Nine of us struggled through the terrible Bristol traffic and the narrow lanes of Banwell to get to the site of the caves – and were we glad we had done so. The Banwell Caves team of Yvonne Sargent, John Haynes and John Chapman made us so warmly welcome in the still, sunny weather that immediately we were mollified and up for anything.
The cave system was broken into by miners in 1757 and then lost again until folk memory prompted the vicar of Banwell in 1824, in search of new sources of income for the village, to pay two miners the princely sum of £1 (between them) to dig again. George Henry Law, the new Bishop of Bath and Wells, who owned the land was delighted at what was found and especially the bones – clear evidence of the biblical flood – which he could exploit as evidence of the need for vigilance in a wicked world. He erected a druid temple nearby (don’t ask), built a cottage above, which later expanded into the current house, planted a wood, placed summer houses and seats, and on the apex of the hill he built a tower.
His most important buildings have been lovingly restored and we had them all beautifully explained in the course of a gentle walk. We were prepared by a helpful film shown in the ‘cottage’ part of the house, then began with the Bone Cave. Down very steep steps and atmospherically lighted by candles, it has the thousands of bones all neatly gathered in picturesque stacks against the walls, the work of William Beard the first curator – who guided his last tour in 1865 at the age of 93. The Natural History Museum have identified 10 species: bison (the most), otter, wolf, wolverine, arctic hare, reindeer, northern vole, red fox, arctic fox and a brown bear – extra large. They are all Cold (Tundra) Fauna and date from the beginning of the last Ice Age, 50 to 80,000 years ago. It is assumed that they died in the open and their bones, preserved by the cold, were washed into the caves over a long period of time. What remains of the collection, now known as the Banwell Type Fauna and listed as a Site of Special Scientific Interest, is extraordinary and the display is a historical wonder.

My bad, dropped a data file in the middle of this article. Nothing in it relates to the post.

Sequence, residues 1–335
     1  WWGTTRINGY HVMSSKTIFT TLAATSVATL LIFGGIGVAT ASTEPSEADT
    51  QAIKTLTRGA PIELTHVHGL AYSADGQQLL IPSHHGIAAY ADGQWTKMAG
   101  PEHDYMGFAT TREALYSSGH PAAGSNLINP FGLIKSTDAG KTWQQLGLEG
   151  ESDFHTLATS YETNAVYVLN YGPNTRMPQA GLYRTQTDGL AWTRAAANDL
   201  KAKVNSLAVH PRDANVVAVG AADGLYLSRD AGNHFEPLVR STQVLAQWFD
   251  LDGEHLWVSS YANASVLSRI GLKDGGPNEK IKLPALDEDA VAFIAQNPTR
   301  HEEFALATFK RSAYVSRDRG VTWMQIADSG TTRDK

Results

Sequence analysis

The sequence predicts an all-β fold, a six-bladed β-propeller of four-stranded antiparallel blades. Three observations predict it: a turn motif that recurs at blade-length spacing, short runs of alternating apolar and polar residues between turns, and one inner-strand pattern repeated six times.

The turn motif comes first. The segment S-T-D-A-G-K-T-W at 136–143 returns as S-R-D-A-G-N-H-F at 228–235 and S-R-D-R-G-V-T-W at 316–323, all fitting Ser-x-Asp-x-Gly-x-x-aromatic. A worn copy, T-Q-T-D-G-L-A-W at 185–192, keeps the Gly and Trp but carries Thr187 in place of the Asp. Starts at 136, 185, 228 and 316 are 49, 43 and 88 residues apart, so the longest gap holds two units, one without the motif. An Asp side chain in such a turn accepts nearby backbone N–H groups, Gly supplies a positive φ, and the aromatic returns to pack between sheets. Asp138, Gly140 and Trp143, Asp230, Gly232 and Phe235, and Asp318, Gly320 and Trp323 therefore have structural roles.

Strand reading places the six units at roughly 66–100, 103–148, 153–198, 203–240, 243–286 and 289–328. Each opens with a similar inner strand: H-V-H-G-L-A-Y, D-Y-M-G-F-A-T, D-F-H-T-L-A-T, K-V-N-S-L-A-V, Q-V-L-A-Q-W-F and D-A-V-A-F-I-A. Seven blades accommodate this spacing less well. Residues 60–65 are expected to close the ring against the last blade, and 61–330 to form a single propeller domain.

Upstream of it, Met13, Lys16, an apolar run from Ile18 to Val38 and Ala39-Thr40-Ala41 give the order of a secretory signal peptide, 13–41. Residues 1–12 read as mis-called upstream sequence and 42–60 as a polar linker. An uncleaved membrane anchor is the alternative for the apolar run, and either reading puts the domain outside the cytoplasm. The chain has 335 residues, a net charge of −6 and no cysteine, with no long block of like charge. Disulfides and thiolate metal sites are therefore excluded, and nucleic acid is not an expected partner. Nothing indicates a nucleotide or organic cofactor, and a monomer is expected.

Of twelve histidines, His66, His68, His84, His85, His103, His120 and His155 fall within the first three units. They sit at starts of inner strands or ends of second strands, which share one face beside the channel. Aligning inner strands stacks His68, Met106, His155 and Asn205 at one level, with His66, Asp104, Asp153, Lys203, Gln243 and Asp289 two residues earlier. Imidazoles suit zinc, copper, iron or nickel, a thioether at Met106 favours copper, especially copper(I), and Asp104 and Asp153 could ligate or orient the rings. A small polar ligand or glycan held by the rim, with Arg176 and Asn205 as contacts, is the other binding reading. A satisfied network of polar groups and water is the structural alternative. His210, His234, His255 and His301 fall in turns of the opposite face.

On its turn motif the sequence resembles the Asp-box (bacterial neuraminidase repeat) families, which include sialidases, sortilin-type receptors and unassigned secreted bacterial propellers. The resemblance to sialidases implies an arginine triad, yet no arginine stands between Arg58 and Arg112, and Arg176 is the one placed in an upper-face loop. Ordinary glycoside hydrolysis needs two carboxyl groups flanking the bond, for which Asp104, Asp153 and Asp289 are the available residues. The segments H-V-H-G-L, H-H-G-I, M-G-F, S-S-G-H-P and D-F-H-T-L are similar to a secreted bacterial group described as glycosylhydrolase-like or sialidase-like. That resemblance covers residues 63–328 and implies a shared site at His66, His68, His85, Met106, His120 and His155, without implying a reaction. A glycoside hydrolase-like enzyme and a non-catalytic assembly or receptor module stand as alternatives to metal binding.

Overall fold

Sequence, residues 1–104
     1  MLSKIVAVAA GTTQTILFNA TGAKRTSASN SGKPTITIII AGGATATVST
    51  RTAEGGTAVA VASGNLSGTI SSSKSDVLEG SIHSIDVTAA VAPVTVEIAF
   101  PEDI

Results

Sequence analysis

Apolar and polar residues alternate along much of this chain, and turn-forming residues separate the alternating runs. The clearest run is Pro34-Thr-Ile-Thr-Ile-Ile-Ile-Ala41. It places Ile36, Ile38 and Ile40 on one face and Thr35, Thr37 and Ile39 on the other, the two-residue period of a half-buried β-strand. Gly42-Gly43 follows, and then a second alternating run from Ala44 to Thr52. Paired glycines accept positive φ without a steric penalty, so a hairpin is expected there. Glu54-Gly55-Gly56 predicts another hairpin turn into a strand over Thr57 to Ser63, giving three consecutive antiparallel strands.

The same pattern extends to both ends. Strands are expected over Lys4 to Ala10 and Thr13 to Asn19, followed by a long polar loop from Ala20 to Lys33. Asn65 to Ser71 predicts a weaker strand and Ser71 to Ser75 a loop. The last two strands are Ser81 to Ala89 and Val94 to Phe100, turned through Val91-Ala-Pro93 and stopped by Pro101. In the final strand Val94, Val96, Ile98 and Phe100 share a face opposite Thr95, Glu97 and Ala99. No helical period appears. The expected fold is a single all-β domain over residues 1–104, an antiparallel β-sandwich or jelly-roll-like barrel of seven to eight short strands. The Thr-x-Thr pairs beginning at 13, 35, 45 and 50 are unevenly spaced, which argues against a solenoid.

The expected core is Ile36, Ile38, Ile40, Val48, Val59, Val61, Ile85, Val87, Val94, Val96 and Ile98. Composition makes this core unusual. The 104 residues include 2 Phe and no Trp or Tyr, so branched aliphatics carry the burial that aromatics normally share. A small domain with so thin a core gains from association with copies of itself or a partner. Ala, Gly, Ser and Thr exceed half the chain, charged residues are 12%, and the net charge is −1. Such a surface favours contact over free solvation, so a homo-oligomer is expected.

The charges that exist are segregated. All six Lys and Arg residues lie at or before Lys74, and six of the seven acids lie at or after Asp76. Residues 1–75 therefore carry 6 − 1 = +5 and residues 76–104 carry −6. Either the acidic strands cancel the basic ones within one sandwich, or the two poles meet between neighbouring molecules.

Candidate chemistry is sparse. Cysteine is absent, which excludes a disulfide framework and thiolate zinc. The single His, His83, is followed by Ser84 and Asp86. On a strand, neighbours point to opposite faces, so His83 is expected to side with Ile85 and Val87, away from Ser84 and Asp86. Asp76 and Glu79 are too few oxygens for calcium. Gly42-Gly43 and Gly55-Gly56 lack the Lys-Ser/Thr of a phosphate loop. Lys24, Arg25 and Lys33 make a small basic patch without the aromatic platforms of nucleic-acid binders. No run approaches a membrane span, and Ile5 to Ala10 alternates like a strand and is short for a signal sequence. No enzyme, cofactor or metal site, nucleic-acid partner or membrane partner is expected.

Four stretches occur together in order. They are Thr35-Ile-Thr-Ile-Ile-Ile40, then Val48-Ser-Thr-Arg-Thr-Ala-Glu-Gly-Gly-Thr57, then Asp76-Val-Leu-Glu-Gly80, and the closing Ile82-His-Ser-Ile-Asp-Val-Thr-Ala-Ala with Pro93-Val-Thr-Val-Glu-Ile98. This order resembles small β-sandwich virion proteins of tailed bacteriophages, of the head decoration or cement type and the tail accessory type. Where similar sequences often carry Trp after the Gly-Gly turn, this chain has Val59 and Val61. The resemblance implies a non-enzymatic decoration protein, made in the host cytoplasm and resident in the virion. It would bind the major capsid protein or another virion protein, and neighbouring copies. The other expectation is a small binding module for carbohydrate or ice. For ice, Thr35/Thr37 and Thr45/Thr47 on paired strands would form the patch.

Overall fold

The cave system is extensive and has many natural cave features including stalactites and a lake. It was explored more thoroughly in the 1970s including by our guide John Chapman and also Chris Richards, recently retired, who features in the film. But rock falls and narrow access penetrable only by the most intrepid of pot-holers mean that only the bone cave is open to visitors.
Above ground we explored the Bishop’s other nooks and crannies, complete with his written exhortations. As well as the Druids’ Temple there was the Osteoicon, built to display some of the bones and now restored into the beginnings of a small museum, and the Pebble Summer House with every pebble lovingly collected and placed into the original design. Then the Tower reached through the sun-dappled woods. Up the turret stairs to the top and the incredible view over Weston, Clevedon, and as far as the Brecon Beacons on an exceptionally clear day. This was the first of the Bishop’s follies to be restored and one can see why.
Back to the house for tea and strawberry cake and to buy a souvenir guidebook. And to ask for more stories – the history of the caves and the area and Mendip mining (lead, calamine, ochre and barites) will never fail to interest. And most intriguingly another set of caves is now known from nearby which appears to contain the remains of a Tropical Fauna……….
We had the most exciting time (and a much easier journey home).
(Text and photos from Gundula Dorey)
BAAS members at the Bone Cave Inside the Bone Cave
Bones piled up in the cave The Druid Temple
Pebble Summer House Inside the Pebble Summer House
The Osteoicon The Tower